Fat Man’s Five-Course Meal, Week 6: Broncos - Raiders

Here at Fat Man, we think you deserve more than just football analysis. 

You deserve a nice meal, too.  So in the spirit of food and drink, we present to you our weekly analysis of the upcoming Broncos game and opponent.  May you leave a little wiser.  And with a full stomach. 

This week, we’re gonna chow on the Oakland Raiders.

The Appetizers (Big Picture) - Because everyone needs a little snack right when they walk in the door.

Always the epitome of NFL ineptitude, the Raiders started this season with a record seven consecutive seasons with 11-or-more losses.  They’ve also switched coaches as much as most people change underwear—Tom Cable is the Raiders 7th different coach since 2001. 

The Raiders come into this game with a 2-4 record after a brutal performance against the 49ers last week. Despite this record, however, most of the games the Raiders have played have been very competitive.

The Raiders are 14th in the league in yards per rushing attempt at 4.24 yards.  On film, it’s clear they really do a good job of using motion, traps, and multiple sets to clear the way for backs Darren McFadden and Michael Bush. They are in the mid-20s in most passing categories and are 26th and 27th in interceptions and sack rate, respectively.  In theory, at least, the Broncos should have the opportunity to create turnovers and introduce Jason Campbell to the Mile High turf.

On defense, the Raiders bring to Denver an average unit.  It’s not great, but solid.  On film, I was particularly impressed with how safety Michael Huff supports the run and the toughness and versatility of linebacker Kamerion Wimbley.  Of course, cornerback Nnamdi Asomugha is on another planet.  For what’s it’s worth, rookie linebacker Rolando McClain appears to have difficulty playing from side-to-side and gets caught up in traffic.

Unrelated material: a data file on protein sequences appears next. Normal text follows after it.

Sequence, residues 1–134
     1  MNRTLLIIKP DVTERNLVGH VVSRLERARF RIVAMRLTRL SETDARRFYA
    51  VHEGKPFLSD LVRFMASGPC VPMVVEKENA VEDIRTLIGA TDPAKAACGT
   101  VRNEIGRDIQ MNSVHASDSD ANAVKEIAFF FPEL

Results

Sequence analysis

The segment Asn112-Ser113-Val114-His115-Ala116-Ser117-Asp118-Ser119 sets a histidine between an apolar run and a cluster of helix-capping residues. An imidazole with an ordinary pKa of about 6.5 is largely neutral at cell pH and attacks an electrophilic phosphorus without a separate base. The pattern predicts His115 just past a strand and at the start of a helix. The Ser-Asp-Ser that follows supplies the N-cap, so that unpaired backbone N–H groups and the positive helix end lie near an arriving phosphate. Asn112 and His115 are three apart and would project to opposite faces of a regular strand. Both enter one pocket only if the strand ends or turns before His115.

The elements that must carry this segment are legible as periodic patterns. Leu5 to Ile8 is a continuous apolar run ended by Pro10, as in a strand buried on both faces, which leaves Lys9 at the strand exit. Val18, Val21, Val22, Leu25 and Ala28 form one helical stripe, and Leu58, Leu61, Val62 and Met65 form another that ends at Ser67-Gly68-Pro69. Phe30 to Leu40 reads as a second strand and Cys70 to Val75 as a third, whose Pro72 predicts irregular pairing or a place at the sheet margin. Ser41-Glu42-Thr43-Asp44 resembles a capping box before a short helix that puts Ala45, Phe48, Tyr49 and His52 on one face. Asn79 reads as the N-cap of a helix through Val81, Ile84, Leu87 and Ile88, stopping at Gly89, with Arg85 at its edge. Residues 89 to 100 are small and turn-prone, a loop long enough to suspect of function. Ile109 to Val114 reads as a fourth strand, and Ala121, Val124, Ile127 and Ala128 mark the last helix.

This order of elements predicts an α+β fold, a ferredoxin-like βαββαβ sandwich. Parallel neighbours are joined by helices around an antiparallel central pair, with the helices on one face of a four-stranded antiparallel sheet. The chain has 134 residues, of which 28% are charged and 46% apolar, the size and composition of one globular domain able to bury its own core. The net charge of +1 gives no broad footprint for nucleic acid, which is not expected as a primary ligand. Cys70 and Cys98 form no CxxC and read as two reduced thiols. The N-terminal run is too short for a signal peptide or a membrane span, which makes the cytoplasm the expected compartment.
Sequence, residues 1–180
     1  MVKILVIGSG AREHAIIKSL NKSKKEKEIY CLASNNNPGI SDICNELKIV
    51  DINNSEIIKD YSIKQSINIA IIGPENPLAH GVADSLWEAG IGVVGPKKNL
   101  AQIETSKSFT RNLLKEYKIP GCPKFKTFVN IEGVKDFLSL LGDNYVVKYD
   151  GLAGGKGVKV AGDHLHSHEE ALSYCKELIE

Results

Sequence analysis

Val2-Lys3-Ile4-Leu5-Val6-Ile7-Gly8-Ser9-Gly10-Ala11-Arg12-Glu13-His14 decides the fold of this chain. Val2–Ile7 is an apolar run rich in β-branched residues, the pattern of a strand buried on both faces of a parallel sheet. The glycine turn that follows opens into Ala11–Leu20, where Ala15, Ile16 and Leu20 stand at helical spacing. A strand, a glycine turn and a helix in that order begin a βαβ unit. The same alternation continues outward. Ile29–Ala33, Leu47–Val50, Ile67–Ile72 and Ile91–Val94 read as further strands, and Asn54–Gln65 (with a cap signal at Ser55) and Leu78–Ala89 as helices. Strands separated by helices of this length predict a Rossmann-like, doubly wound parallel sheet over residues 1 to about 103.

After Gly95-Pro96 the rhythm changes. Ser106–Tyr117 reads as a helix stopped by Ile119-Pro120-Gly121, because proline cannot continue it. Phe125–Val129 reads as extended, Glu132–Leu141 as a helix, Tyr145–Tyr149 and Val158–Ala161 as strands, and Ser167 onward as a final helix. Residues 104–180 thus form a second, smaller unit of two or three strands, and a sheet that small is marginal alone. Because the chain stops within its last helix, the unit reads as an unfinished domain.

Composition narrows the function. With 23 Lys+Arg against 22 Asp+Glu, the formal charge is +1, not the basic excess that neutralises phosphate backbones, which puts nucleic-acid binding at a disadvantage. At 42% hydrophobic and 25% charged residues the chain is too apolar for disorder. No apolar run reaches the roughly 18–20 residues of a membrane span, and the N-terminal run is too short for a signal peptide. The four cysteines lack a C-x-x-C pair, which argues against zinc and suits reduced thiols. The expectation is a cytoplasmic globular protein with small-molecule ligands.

The Raiders are 31st in rushing yards allowed per play and 23rd in passing yards allowed per play.  Overall they are 24th in yards allowed per play (if you haven’t figured it out by now, I use yards per play as the benchmark, not total yards per game).

Denver has finally found their equal in red-zone futility.  The Raiders come in at just over 38% in the red zone, so even if the Raiders make it into Broncos territory, look for the husky Sebastian Janikowski to waddle out for the field goal try a few times on Sunday. 

The Raider can also—as always—shoot themselves in the foot.  They have had 154 yards and 16 first downs this year nullified by penalties. The Broncos, in contrast, have had 131 yards and 7 first downs nullified; the Broncos consider this undisciplined.  In Oakland, they probably call it aggressive.


The Salad (General Strategy) - Because your mother would want you to eat your vegetables.

Offensively, the Raiders, under offensive coordinator Hue Jackson, show a surprising variety of formations. It’s easy to see why they are scoring more points than they did last year under Tom Cable’s play calling.  I especially like Jackson’s use of the shotgun 113 package, which has been very effective with quarterback Bruce Gradkowski. 

They have a preference, however, to use 2-back personnel groupings (212 package) in order to establish the run.  They then try to play-action pass off of these later in the game.  The strong offset-I formation is a particular favorite of the Raiders.  Another tendency I discovered through film study was that when the Raiders show a single back or H-back formation—utilizing their tight end in a flex position just off the line of scrimmage—they tend to either run to the flex side of the line of scrimmage or use the flex tight end to cut across the formation in a trap.  This allows them to pound the ball up the middle.  This trap is a favorite, so look for it when you see this flex formation.